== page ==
Adrenaline (epinephrine) for anaphylaxis (Emerade, EpiPen, Jext)

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Adrenaline pens are used for the emergency treatment of severe allergic reactions, such as anaphylaxis.

Carry the device with you at all times and make sure you know how to use it.

Check the expiry date so that you know when to order a new supply.

Type of medicineSympathomimetic
Used forAllergic emergencies
Also calledEmerade®; EpiPen®; Jext®
Adrenaline is also called epinephrine. This is the name it may be known as if you are outside the UK
Available asAuto-injection device or 'pen'

An extreme form of an allergic reaction can cause swelling of your mouth and tongue, breathing problems, flushing, collapse and a loss of consciousness. This type of allergic reaction is called anaphylaxis, and it is a medical emergency. Adrenaline is used as a treatment for anaphylaxis. People who have had a severe allergic or anaphylactic reaction in the past are advised to carry an auto-injection device containing adrenaline with them at all times. The injection device is often referred to as an adrenaline pen. It is a pre-filled syringe which is fitted with a needle so that adrenaline can be injected straightway. This means that in the event of a severe reaction occurring again, adrenaline can be self-injected, or injected by a family member or a health worker.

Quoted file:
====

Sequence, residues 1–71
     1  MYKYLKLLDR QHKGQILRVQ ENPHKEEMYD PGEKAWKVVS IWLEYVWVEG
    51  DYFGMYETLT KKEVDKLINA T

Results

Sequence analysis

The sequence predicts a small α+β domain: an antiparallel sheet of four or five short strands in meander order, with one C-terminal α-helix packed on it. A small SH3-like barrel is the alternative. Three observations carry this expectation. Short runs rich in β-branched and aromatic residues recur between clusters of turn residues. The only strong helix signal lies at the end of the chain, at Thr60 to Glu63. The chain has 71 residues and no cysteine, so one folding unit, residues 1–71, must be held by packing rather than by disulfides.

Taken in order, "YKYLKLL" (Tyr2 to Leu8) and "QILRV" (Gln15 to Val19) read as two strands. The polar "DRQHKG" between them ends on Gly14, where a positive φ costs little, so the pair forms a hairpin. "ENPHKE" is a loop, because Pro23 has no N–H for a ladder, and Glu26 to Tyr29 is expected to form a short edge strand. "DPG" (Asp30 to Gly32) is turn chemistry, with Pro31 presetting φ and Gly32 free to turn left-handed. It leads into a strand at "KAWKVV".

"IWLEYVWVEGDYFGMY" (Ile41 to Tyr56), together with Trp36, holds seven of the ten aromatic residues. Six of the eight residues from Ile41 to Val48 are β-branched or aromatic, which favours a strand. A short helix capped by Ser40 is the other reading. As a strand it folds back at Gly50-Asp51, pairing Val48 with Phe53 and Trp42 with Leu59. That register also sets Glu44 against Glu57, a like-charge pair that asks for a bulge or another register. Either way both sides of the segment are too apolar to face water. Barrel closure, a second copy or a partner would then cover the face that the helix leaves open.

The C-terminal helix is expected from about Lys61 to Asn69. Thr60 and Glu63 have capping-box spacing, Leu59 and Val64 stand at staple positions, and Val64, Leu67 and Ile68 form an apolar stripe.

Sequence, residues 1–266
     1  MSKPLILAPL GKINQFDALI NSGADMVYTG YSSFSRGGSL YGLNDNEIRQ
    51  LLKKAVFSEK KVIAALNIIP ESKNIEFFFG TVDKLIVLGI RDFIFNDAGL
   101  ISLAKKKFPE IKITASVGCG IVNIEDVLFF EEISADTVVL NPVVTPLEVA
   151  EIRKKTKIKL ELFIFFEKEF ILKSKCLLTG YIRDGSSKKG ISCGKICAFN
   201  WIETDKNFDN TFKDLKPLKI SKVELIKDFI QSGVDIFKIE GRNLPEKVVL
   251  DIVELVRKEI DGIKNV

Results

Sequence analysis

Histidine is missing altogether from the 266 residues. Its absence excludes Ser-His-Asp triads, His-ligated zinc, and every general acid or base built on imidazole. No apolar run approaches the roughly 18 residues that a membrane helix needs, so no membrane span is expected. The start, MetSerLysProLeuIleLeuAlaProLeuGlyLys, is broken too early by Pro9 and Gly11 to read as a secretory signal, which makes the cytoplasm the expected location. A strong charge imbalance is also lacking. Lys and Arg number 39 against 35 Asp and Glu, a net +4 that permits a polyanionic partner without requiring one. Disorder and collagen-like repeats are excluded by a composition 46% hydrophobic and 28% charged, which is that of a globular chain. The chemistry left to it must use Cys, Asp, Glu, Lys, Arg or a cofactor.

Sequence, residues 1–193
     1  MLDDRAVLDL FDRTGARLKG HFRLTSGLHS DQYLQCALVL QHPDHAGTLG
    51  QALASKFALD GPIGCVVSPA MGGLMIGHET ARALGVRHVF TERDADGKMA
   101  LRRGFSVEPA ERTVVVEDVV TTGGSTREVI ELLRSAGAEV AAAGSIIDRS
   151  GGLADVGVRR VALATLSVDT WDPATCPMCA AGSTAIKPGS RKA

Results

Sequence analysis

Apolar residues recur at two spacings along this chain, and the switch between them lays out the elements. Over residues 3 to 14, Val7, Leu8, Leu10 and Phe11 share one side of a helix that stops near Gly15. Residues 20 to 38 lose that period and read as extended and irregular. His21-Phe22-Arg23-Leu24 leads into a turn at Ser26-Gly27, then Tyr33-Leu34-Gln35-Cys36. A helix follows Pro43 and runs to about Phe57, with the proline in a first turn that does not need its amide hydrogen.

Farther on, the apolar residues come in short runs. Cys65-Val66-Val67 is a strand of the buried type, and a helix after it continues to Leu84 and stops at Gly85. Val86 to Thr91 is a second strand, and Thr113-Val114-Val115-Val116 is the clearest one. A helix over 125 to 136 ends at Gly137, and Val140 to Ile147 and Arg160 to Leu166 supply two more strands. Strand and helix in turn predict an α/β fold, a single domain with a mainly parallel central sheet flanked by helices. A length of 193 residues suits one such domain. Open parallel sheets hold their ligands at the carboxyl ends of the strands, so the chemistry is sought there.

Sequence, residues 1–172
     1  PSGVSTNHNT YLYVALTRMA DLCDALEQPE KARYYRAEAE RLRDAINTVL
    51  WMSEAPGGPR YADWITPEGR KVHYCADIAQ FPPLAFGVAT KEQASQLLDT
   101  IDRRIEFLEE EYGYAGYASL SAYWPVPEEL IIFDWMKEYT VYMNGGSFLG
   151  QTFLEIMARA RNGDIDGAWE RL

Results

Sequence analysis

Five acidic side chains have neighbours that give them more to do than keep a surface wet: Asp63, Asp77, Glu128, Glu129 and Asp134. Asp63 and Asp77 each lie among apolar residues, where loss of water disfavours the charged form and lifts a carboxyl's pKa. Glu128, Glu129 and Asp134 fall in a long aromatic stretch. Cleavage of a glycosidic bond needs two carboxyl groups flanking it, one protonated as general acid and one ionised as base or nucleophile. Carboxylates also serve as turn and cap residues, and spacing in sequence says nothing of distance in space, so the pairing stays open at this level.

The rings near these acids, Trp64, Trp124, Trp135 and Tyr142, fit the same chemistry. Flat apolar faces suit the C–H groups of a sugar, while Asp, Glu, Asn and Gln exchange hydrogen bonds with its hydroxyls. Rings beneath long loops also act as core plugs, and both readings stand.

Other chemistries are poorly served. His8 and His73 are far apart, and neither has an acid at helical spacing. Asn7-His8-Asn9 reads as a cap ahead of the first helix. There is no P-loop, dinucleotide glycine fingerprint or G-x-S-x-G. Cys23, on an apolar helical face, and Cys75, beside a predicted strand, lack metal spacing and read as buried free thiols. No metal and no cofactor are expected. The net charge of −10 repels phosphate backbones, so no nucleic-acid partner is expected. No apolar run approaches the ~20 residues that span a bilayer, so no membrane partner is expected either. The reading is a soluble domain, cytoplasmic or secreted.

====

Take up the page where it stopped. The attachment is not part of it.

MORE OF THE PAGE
Triggers such as peanuts, shellfish, and insect bites or stings can cause these severe allergic reactions in some people. Sometimes there is no known cause. An anaphylactic reaction can start very suddenly. Typical early symptoms are breathing difficulties, an itchy skin rash, and swelling of the mouth and throat. If the reaction is not treated straightaway, it can lead to a large fall in blood pressure and unconsciousness.